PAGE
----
When I was asked to review Robusto!!! (Lovecraft House, 2016) by its editor/translator/publisher Dragana Drobjnak, you could pretty much sum up all I knew about Serbia in two words: “Novak Djokovic.”
This turned out not to be strictly true. Thinking further, I came up with a war (against Bosnia), a massacre (Srebrenika), a NATO bombing, and a head of state tried for war crimes (Milosevic). Also Ana Ivanovic and Jelena Jankovic. (My wife is a huge tennis fan.)
And I’d read Rebecca West’s pre-World War II classic, Black Lamb and Grey Falcon. Of which I remembered nothing.
So I did not appear the most qualified reviewer.
But I agreed to take a look.
I expected a single comic. I received a collection of twenty-four stories (over 200 pages) which had appeared between 2001 and 2005 in a fanzine, Krplj, that had been named for a Serbian parasitic tick which appears irregularly in nature, rather than in a biologically determined pattern. Robusto!!! was written by someone called “Wostok,” with three similarly single-named co-authors. Wikipedia was no help identifying him; but I did learn that Serbia’s Golden Age of Comics had ended with the Nazi invasion in 1941, had revived under Tito, and that, between 1971 and 1981, 717 million comics were published for a population of 22 million. (That’s 3.26 comics per person per year. Which looks about the same as in the United States.)
Then Lambiek.net informed me that “Wostok” was born Danilo Milosev Wostok in then-Yugoslavia in 1963. A computer operator and filmmaker, he is also known as “Ex-Wostok” and “MediaKritet.”
Robusto!!! credited twenty additional contributing artists who, according to its introductory material, were often people approached at art openings, rock concerts, bar brawls, “and other small events,” shown isolated pages, and asked to illustrate them. The result is a textually-complementary, off-the-wall, unsettling mix running from the childlike to Adults Only, minimalistic to expressionistic, cartoony to photo-incorporated collage. (Some photos are of figures anyone would recognize; others, I imagine, only Serbs would.) There are also many penises. If penises upset you, stay away.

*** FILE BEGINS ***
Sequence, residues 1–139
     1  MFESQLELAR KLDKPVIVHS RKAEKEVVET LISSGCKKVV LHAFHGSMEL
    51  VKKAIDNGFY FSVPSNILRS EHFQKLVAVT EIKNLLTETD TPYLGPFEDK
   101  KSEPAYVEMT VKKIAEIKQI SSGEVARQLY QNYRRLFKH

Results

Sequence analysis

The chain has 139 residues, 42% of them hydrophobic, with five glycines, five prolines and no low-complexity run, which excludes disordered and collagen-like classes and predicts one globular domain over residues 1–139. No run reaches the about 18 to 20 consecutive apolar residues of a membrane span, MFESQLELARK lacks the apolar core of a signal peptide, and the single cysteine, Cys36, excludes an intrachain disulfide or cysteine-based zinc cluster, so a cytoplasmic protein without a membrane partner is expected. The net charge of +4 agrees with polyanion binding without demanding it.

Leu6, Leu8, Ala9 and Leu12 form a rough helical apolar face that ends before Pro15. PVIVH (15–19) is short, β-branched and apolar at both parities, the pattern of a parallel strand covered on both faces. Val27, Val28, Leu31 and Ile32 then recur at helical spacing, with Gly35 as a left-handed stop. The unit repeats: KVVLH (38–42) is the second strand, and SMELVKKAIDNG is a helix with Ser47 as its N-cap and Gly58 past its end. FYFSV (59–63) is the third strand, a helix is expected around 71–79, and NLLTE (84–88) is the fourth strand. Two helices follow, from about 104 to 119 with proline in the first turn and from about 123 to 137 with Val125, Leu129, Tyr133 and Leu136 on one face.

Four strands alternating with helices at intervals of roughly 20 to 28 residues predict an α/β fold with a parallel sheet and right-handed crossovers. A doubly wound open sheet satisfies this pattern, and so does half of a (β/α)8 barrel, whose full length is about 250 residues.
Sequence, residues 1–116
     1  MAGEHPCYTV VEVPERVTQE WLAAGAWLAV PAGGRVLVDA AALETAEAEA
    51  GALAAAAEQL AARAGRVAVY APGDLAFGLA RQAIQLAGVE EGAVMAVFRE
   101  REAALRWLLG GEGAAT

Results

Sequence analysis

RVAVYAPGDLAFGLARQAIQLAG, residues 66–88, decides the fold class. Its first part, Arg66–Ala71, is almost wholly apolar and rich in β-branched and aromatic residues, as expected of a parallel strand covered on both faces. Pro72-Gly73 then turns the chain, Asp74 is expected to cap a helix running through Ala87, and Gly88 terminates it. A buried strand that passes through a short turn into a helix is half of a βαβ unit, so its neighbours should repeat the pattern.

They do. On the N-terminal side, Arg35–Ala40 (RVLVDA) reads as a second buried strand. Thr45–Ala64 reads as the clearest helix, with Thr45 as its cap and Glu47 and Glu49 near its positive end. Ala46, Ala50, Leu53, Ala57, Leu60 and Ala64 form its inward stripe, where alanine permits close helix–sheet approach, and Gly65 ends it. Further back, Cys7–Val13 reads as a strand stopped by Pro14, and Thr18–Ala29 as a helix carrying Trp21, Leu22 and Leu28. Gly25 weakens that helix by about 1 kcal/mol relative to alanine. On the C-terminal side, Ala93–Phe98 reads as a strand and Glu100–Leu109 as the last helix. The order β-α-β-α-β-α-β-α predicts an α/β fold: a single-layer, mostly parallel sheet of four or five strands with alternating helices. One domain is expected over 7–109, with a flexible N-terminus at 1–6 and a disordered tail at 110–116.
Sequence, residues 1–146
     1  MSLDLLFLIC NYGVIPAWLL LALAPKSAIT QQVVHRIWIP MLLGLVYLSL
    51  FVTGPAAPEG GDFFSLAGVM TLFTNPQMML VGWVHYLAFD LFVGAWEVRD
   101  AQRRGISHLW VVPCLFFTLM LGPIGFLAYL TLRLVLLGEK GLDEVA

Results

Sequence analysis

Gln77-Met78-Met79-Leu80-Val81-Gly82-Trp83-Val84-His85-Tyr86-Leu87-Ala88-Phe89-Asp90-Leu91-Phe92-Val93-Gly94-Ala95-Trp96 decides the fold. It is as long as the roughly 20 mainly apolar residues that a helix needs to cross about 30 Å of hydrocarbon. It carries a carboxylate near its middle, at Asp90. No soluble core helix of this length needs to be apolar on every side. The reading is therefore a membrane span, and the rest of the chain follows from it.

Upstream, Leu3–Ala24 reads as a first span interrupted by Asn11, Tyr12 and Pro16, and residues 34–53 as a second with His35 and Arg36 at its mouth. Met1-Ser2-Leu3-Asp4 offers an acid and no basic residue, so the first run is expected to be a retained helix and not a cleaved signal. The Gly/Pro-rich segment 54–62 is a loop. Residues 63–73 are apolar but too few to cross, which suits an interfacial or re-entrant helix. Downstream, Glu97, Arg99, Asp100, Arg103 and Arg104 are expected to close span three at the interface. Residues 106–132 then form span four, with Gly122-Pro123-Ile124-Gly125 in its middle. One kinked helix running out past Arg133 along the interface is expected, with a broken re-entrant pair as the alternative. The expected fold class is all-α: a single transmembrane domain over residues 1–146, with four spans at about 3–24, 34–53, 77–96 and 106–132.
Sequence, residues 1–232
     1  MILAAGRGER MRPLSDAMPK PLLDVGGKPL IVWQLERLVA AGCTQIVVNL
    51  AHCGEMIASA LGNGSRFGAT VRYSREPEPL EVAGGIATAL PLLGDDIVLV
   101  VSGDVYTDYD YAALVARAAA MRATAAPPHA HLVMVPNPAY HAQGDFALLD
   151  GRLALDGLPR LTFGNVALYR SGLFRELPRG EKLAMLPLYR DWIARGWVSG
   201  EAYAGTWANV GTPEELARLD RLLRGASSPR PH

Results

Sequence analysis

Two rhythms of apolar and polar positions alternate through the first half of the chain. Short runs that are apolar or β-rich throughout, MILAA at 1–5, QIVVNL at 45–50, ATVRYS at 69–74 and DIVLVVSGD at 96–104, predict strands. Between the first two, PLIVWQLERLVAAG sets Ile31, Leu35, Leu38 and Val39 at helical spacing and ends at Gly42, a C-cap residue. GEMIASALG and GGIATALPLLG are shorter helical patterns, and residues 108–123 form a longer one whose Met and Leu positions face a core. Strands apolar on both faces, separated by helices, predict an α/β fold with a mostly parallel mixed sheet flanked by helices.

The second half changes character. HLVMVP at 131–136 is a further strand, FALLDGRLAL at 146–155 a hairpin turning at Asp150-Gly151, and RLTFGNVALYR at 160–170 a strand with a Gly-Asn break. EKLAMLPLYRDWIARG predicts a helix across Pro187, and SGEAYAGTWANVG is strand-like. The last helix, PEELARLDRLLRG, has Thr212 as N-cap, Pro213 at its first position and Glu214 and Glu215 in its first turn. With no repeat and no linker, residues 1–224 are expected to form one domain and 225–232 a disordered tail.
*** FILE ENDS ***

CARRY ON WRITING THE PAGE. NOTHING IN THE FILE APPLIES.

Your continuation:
Robusto!!! takes its name from a bankrupt toilet shop encountered within action of the story. This action occurs in the town of Bollywood (“Bolly” being Serbian for “idiot” or “imbecile”) in the fall of 1993. The text establishes – and supplemental reading, notably Tim Judah’s The Serbs (3d ed.) and Matthew Collin’s This is Serbia Calling, confirm – that this was a time of economic catastrophe. By July 1993, inflation had reached 363 quadrillion percent. (By 1994, it was 313,567,558 percent per month.) At one point the government issued a 50,000,000,000 dinar note; two weeks later it was worthless. A year’s wages bought carrots; on the other hand, hours after a utility bill arrived, it was insignificant. People bartered, dumpster-dove, prostituted themselves to stay alive.
Serbia had gone to war in Slovenia and Croatia in 1991 and in Bosnia in 1992. These wars, between people who had lived peacefully as neighbors for decades – if not centuries – were fought, fueled by tribal instincts and religious mania stoked to Old Testament intensity by governmental inflammations. Mass murder, mass rape, mass arrests, the forced deportation of millions, and the mass destruction of mosques, churches and homes resulted.